Tuesday, April 02, 2013

More on US torture in Iraq

We've known for a long time that US torture in Iraq was not the work of "a few bad apples", but rather an official and routine policy authorised at the highest levels of the US government. US soldiers have already spoken out about some of this; now the British soldiers who collaborate din capturing and guarding their victims are speaking out too:

On the 10th anniversary of the invasion of Iraq, a number of former members of TF 121 and its successor unit TF6-26 have come forward to describe the abuses they witnessed, and to state that they complained about the mistreatment of detainees.

The abuses they say they saw include:
  • Iraqi prisoners being held for prolonged periods in cells the size of large dog kennels.
  • Prisoners being subjected to electric shocks.
  • Prisoners being routinely hooded.
  • Inmates being taken into a sound-proofed shipping container for interrogation, and emerging in a state of physical distress.
It is unclear how many of their complaints were registered or passed up the chain of command. A Ministry of Defence spokesperson said a search of its records did not turn up "anything specific" about complaints from British personnel at Camp Nama, or anything that substantiated such complaints.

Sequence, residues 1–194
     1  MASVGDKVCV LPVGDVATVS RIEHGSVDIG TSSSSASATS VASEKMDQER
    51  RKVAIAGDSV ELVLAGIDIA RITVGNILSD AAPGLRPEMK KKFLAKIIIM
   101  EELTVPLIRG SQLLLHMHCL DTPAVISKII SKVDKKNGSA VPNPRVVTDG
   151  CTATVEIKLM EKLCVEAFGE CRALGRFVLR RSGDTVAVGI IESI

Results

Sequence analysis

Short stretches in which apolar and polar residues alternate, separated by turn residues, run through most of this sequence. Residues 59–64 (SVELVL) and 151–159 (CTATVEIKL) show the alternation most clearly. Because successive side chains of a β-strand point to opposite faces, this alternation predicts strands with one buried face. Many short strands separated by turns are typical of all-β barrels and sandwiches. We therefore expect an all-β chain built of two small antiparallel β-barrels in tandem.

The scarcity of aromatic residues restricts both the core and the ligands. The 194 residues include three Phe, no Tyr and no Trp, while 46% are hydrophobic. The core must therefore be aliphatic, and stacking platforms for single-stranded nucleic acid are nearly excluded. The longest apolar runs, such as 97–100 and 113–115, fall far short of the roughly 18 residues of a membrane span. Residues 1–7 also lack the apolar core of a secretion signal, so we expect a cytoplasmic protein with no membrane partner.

From the latter, it seems that the British chain of command just didn't want to know about it, despite their soldiers reporting war crimes and breaches of the Geneva Convention. The likely reason? Fear of upsetting the Americans, of course. But despite all the official denials, there's some evidence that the British military knew or suspected that the people they captured and guarded were being tortured: they used the "Afghan model", under which a token American acted as the formal "detaining power" to ensure that there was no British responsibility for what happened afterwards. Which is pretty much an admission of guilt right there.

Again, there needs to be accountability and justice for this. The torturers and their accomplices - the people who provided them with victims, the Ministers and officials who approved the policy, the officers who should have stopped it but looked the other way - all need to be prosecuted. And if the US and British courts won't do it, then we need an international court to do it for them.